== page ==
Assembly and breakdown of parts if simple and uncomplicated but you’ll have to add any refinements yourself as what is included is very limited – again, take a look at the photo gallery here to see exactly what I mean.

In addition, there is plenty of excess flash to remove from the parts and some ejection pin marks will need to be filled and sanded to restore a blemish-free surface. The prop shape isn’t too bad at all and after cleaning up and painting it should look the part. This is more than can be said of the simplistic engine that I wouldn’t bother too much with – the good news is the cowl will hide the engine.

Finally a ‘classic’ Airfix pilot in seated posture is included.

Instructions and decals

Instructions are very straightforward in simple stages in the instruction booklet with colour markings options printed with colour all aspect diagrams. The schemes on offer are a great black and white checkerboard aircraft from No. 43 Squadron RAF and a camouflaged South African Air Force Fury that will make a great change if you want something a little different.
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The decals look to be to current standard and good quality featuring good stencil data and instrument panel decals that are fine in this scale.

Summary

A fair addition to what’s already available and I guess a way for Airfix to extract the maximum from an old tool in the case of the Hawker Fury. If you want to build a quarter scale Hawker Fury you don’t have a lot of choice and if you have some experience behind you and enjoy the build process this could make for a challenging and rewarding project.
Geoff C.

…thanks Geoff.

 

 

Building

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I’m not going to give a detailed description of how to put it together as it is fairly straight forward. However in summary you can expect to build it in about 2-3 hours in multiple stages as the plastic glue dries between each one. This generally applies to the big stages like glueing the fuselage together for example where I would hold the two halves together with masking tape to secure it in place so the join well and truly sets before moving onto the next stage. I used a bit of filler to smooth a join here and there, nothing major.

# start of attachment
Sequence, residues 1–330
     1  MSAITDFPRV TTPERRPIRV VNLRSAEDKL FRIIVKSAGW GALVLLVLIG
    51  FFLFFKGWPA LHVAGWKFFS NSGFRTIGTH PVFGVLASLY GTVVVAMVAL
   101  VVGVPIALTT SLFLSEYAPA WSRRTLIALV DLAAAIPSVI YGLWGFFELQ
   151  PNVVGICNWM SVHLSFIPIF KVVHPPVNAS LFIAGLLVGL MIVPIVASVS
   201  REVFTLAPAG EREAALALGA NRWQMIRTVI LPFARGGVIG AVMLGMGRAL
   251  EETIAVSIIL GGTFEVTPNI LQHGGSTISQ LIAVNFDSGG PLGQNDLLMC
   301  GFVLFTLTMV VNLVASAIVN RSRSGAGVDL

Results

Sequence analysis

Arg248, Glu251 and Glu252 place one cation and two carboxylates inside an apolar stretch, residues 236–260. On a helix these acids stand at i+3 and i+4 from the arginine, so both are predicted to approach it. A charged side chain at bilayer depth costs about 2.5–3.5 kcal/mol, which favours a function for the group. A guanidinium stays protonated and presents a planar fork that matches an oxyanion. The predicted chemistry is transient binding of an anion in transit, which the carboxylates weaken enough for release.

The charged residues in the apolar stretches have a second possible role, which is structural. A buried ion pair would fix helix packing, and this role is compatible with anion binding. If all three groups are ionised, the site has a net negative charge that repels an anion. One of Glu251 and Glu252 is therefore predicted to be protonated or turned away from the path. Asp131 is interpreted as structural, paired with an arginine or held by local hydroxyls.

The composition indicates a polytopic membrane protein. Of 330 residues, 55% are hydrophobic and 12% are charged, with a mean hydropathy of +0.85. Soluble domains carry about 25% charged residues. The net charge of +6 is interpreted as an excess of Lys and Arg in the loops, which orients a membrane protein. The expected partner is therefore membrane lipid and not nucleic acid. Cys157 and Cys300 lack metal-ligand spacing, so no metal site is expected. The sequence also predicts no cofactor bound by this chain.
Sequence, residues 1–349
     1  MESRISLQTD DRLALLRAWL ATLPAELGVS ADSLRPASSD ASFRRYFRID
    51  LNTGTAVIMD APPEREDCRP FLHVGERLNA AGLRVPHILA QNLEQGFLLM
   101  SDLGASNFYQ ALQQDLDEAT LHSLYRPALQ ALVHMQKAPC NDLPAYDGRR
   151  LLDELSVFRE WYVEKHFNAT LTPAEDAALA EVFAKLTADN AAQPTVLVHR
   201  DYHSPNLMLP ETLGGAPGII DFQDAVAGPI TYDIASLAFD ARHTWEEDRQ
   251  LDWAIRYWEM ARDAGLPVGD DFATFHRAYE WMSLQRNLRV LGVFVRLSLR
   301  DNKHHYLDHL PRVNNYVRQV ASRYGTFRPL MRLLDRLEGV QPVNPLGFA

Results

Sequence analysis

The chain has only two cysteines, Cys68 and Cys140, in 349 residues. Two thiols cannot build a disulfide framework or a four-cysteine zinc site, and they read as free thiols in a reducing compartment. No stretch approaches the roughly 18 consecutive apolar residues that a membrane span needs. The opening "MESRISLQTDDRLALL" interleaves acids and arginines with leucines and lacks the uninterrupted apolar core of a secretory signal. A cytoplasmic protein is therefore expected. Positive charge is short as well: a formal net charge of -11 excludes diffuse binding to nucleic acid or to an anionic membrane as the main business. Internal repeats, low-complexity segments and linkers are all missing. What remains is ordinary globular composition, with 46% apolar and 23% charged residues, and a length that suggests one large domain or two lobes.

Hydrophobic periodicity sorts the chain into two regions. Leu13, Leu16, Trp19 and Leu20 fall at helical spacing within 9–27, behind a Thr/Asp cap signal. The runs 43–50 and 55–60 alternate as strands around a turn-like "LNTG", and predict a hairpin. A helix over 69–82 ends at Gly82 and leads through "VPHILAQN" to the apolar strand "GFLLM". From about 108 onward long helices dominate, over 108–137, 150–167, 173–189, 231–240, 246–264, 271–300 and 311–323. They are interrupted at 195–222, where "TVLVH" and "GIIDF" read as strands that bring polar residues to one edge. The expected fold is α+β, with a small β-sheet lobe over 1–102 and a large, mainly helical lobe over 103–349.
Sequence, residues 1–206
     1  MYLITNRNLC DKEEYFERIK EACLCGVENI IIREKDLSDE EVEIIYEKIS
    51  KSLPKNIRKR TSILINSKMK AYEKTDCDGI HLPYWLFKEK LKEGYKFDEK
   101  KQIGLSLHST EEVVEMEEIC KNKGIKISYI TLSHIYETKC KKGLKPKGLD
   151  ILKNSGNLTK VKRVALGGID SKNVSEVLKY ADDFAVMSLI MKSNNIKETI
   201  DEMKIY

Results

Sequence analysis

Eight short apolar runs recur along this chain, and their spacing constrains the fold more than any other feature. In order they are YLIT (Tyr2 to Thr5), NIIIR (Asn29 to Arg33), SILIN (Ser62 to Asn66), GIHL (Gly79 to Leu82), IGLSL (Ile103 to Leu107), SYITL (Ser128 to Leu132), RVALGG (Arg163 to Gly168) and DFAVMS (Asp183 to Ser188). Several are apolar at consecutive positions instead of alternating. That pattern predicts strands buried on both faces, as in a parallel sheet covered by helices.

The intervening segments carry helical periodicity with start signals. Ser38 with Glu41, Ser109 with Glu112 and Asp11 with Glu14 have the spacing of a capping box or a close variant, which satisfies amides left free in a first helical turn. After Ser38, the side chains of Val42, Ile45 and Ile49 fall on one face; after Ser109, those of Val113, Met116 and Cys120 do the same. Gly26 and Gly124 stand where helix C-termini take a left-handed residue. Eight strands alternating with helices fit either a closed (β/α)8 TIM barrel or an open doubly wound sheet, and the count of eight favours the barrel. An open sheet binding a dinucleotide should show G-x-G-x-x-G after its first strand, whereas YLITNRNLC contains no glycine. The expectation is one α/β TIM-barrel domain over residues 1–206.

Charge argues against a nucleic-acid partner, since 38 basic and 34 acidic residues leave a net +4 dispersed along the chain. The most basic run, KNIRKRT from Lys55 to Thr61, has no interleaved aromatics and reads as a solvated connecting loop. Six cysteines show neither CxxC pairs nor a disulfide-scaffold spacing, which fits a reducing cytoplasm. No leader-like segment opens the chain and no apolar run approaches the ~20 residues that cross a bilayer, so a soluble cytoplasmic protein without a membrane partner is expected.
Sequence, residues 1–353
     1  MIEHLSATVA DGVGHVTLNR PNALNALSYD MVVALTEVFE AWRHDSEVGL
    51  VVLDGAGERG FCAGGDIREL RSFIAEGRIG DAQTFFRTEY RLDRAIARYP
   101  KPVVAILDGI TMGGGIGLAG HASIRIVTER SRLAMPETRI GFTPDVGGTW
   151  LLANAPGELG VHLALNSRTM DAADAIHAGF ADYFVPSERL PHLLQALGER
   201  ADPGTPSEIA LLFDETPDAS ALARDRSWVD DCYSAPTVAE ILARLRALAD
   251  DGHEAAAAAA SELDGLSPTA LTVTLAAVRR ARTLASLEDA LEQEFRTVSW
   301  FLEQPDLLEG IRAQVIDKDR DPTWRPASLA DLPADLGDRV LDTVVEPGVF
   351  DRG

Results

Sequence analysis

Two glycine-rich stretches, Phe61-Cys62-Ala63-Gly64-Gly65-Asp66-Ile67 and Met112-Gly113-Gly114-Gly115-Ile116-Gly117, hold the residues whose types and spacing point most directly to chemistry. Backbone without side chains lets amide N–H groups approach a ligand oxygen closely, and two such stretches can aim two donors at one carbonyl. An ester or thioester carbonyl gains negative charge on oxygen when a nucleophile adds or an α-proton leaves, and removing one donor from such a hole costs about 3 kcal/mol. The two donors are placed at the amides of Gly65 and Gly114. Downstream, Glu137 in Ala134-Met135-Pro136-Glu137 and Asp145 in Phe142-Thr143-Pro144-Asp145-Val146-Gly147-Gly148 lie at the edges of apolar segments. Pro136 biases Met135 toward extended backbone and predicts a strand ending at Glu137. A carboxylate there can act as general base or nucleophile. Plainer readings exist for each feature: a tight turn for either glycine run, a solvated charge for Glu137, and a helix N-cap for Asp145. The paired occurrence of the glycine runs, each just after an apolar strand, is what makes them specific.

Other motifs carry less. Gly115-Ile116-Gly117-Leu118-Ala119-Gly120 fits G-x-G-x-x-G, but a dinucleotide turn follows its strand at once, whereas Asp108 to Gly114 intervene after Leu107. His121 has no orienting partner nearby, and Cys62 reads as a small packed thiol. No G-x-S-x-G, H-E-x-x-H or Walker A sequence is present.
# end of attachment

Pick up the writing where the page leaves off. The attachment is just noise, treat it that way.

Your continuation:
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One other point to mention is the way you plan on using it (mounted) during play. I use the aircraft base you can see in the pics and what I did was get an earth magnet and glue it inside the underwing airscoop (using impact adhesive) before mounting it on the bottom of the plane during final assembly.  It’s centrally placed and a perfect spot for the plane to balance on. This means the model base with magnet and the aircraft magnet get a solid magnet connection so the plane can be angled around a bit for in flight positioning. Always test the polarity of the magnets so they don’t oppose each other! Also, don’t get to wild with the aircraft angles or it’ll fall off or the base will tip over…be careful!

Lastly, leave off the top wing and glue the bottom struts on first. Undercoat the whole model with the top wing off as it’s much easier to paint when it’s still a monoplane. Once all the painting is done then glue on the top wing.

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When the model is complete undercoat it entirely with a flat black spray paint, I then used an overall Vallejo Oily Steel base coat colour, then (dry brush) highlight with Foundry Spearpoint highlight colour…all applied with a brush….nice and easy! I didn’t want an overly ‘shiny-shiny’ look and tried to get some shading in the metal (if that makes sense) by using these two colours. You can sort of see what I mean here and some of the pics below. I think this makes for a more interesting model and possibly realistic look to the eye.

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After this the decals go on and she’s done!

 

Fly by!

Here are some aerial and ground shots..hope you like her, I think she’s a beauty and really sets the interwar scene!

 

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…that’s one fine looking snout!…not sure what the Turk is going on about though 🙂

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Interesting side note

Click on this link and you can see just how many crashes there were of the Hawker Fury..a pretty high mortality rate and some interesting service history…chocks away! 

Hawker over Ethiopia

Fury over Africa